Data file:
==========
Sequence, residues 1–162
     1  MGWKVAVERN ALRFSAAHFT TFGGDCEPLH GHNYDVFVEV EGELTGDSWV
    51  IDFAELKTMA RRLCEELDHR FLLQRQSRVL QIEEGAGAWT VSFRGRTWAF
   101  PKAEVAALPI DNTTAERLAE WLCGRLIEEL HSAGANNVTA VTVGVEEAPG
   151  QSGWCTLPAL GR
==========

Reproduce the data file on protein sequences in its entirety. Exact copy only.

Sequence, residues 1–162
     1  MGWKVAVERN ALRFSAAHFT TFGGDCEPLH GHNYDVFVEV EGELTGDSWV
    51  IDFAELKTMA RRLCEELDHR FLLQRQSRVL QIEEGAGAWT VSFRGRTWAF
   101  PKAEVAALPI DNTTAERLAE WLCGRLIEEL HSAGANNVTA VTVGVEEAPG
   151  QSGWCTLPAL GR